What about the small schools?

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Monday, March 30, 2015


I WATCHED Department of Education (DepEd) Secretary Armin Luistro and Commission on Higher Education (Ched) Commissioner Ma. Cynthia Rose Banzon Bautista brim with enthusiasm on television as they assured the public of government’s preparedness to implement the K to 12 program by 2016.

They mentioned the enormous amount of money that has been and will be allocated for it. Which is good.

Of course, like most DepEd pronouncements in the past, there was no mention there of how private high schools in poor rural areas of the country would be helped in the setting up of facilities to serve the needs of 40 percent of public school students going to them, as mandated by DepEd.

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One hundred percent of the funds allocated by Congress for the program will be used by DepEd to serve 60 percent of Senior High Schools (SHS) in the public schools but not in the private high schools. Which is unjust.

DepEd and Ched are talking about how well-prepared they are to hire new teachers, build new classrooms, buy new equipment and compensate the thousands of college teachers that would be displaced by the K to 12 program. Which is fine.

I happen to run two schools in Camotes islands, one of the most beautiful communities in the country.

Camotes Visayan Institute (CVI), a poor private high school, survives on miscellaneous fees and a pittance from Fape-ESSC government grant subsidy of P7,500 per student per year, barely enough to pay the minimum wages of teachers.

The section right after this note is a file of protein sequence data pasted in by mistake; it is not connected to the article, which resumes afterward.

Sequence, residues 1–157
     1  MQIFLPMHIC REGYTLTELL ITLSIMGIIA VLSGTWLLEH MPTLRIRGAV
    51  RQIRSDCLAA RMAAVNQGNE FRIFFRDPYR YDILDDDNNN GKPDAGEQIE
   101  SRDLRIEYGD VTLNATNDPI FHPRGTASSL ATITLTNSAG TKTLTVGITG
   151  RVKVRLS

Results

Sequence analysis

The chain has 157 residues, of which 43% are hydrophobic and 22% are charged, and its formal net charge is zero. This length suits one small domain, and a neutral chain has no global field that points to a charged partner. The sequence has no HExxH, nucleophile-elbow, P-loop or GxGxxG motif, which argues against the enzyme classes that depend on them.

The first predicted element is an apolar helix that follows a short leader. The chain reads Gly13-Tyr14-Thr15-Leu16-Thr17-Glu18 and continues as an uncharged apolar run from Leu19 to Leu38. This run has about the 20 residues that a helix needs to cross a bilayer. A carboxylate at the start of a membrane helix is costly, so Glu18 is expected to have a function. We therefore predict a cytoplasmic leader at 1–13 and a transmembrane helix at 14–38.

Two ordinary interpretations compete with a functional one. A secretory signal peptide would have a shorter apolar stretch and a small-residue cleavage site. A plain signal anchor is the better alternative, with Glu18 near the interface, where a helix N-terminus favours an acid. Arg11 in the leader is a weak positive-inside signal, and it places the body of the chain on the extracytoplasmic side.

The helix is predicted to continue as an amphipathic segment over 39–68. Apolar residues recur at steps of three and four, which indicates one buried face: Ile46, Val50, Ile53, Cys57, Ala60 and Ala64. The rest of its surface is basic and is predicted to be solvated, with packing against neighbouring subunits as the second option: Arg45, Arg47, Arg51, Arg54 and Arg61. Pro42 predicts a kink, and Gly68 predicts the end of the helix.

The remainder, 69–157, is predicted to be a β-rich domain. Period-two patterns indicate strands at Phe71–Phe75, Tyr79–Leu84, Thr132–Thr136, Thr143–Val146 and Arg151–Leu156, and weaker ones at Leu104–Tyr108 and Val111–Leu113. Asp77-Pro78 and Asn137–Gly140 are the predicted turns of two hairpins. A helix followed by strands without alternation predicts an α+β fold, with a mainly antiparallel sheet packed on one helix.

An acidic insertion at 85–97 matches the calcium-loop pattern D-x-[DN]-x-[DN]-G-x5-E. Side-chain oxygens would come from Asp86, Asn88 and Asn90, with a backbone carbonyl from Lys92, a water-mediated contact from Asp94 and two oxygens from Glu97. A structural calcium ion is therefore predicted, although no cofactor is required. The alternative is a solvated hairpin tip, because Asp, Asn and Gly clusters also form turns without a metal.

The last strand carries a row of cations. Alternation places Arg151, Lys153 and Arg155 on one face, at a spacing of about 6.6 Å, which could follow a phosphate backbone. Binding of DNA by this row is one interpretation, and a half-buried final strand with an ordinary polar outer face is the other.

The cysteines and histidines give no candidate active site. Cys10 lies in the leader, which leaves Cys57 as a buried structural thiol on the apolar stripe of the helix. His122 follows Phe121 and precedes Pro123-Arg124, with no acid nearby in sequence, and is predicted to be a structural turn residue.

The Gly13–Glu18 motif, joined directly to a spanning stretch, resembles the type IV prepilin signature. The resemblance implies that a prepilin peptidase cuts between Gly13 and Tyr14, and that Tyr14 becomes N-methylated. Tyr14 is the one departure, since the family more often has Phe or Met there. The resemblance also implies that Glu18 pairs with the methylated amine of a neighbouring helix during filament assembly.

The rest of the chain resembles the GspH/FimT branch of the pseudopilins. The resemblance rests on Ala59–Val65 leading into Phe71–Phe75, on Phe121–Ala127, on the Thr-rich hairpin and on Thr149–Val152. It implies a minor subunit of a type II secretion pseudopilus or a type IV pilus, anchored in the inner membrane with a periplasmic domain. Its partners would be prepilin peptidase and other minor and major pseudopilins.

Here, we have not heard any word on how DepEd would help us with even just one chair or one surplus computer hardware. Like hundreds of other rural private high schools, we are ill-prepared for the K to 12 program. Which is bad.

We founded Mt. Moriah College upon our permanent return from a six-year missionary service in Tanzania, East Africa. The school has received no faculty development grant or student scholarship in any of our four recognized courses in criminology, commerce, education and information technology (IT).

For the first time in 18 years, we applied last year for a Ched faculty development scholarship for Engr. Allen Dexter L. Bonjoc for a masteral degree-IT at CIT-University. Until now, Ched has not responded nor acted on that one application coursed through CIT-U--possibly for lack of funds? Incredible.

Now comes Ched Commissioner Bautista promising the moon and the stars that Ched would allocate millions of pesos for thousands of displaced college teachers by 2016. A claim that is unvouched.

The K to 12 program law has to return to Congress. For what would we do with the hundreds of private high schools that do not have budgets to improve their facilities to fit the program? The law should again be thoroughly discussed and reconsidered. And this suggestion is vital.

As a private high school, Camotes Visayan Institute cannot assure government that we will accept even a fraction of the 40 percent of senior high school students going to private schools in 2016. In Camotes, public high schools outnumber private high schools by a ratio of six to one.

Of course, we will open a senior high school but we would accept first those who have been with us since the beginning. Let DepEd take care of its own, after all it has the money.

If DepEd, by its own admission, can only serve 60 percent of senior high school entrants, then we can say it is ill-prepared for the program. --Dr. Aguido A. Magdadaro of Camotes Visayan Institute and Mt. Moriah College in Poro, Cebu


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Published in the Sun.Star Cebu newspaper on March 31, 2015.

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